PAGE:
Rimbunan Hijau welcomes PNG police investigations

10/10/2011 22:05

Pictures of placards distributed anonymously via email today condemning the Rimbunan Hijau (PNG) Group and asking it

it to leave Pomio in the East New Britain province. Despite the opposition the company said most landowners supported

the project.


Malaysian logging giant Rimbunan Hijau (RH) has welcomed an investigation into reports Papua New Guinea police assaulted villagers after they initiated court proceedings against one of its subsidiaries.

Acting deputy police commissioner Fred Yakasa has been tasked by acting police commissioner Tom Kulunga to lead the inquiry into the incident which allegedly occurred between 3-6 October. The police investigation was in response to a complaint filed by Port Moresby-based non-government organization Eco-Forestry Forum (EFF).

The RH (PNG) Group said it respected the independence of the police but described the reports as “baseless allegations” made by an NGO that did not support development in PNG.

“The majority of the land owners support the palm oil projects. The recent attempts by this few disgruntled land owners with assistance from NGOs, whom do not support any form of development to derail and stop this very important project, was refused by the National Court recently. The royal constabulary (of PNG) is very independent and high integrity institution of the state of Papua New Guinea and we welcome the comments of acting police commissioner Tom Kulunga,” the company said in a statement issued today.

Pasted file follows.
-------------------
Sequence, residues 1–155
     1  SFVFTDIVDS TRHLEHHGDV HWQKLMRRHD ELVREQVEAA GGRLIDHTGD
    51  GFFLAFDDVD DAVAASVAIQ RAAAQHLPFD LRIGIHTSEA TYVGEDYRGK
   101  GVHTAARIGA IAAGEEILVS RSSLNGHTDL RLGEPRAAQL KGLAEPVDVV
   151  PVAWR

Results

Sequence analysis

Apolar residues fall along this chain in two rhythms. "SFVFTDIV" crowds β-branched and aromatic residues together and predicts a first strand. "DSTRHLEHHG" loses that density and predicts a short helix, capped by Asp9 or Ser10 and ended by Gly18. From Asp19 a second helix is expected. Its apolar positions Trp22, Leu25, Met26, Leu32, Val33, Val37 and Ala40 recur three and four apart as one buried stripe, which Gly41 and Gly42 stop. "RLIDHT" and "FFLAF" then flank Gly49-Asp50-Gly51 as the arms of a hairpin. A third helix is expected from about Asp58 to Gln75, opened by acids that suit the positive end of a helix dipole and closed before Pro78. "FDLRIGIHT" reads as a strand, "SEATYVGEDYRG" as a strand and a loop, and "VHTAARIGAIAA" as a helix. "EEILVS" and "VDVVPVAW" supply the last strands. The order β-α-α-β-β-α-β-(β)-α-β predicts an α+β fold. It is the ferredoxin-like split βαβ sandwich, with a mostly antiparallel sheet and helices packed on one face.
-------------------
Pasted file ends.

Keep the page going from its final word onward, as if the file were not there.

“We regret this constant unverified adverse media release by (a) non-government organization hell bent (on) generating adverse publicity in order to keep their anti-government campaign alive for domestic and international donors. It is very much regretted and it is not helpful for a country that is seeking to develop its resources sustainably which is much needed.”

The battle between the RH (PNG) Group and the villagers appears far from over, with sympathizers today distributing via email pictures of printed placards that condemned the logging company and asked it to get out of Pomio.

It is understood that the project in dispute is the Sigite Mukus Integrated Rural Development Project, which the Malaysian company had pinned its hopes on to lead its expansion into the lucrative oil palm sector. Former PNG national planning minister Paul Tiensten, who is the MP for Pomio, supported the project and represented the Somare government at the official launch of a report in March which backed the company’s diversification plans.

However, the Somare government’s toppling in August and a commission of inquiry into all land leased under the previous government’s controversial Special Agricultural and Business Lease (SABL) has temporarily halted work.  The RH (PNG) Group had planned to invest K800 million (US$300 million) over the life of the project and provide infrastructure for the local communities.